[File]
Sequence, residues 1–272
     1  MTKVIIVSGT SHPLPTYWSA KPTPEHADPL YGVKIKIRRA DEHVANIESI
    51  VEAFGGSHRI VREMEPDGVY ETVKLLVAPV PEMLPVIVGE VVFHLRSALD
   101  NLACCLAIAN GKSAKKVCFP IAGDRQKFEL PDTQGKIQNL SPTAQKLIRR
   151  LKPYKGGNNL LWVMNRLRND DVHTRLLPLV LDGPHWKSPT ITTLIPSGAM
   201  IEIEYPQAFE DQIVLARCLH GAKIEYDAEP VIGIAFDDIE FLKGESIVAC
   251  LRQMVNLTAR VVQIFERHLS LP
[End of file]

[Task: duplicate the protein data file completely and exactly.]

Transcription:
Sequence, residues 1–272
     1  MTKVIIVSGT SHPLPTYWSA KPTPEHADPL YGVKIKIRRA DEHVANIESI
    51  VEAFGGSHRI VREMEPDGVY ETVKLLVAPV PEMLPVIVGE VVFHLRSALD
   101  NLACCLAIAN GKSAKKVCFP IAGDRQKFEL PDTQGKIQNL SPTAQKLIRR
   151  LKPYKGGNNL LWVMNRLRND DVHTRLLPLV LDGPHWKSPT ITTLIPSGAM
   201  IEIEYPQAFE DQIVLARCLH GAKIEYDAEP VIGIAFDDIE FLKGESIVAC
   251  LRQMVNLTAR VVQIFERHLS LP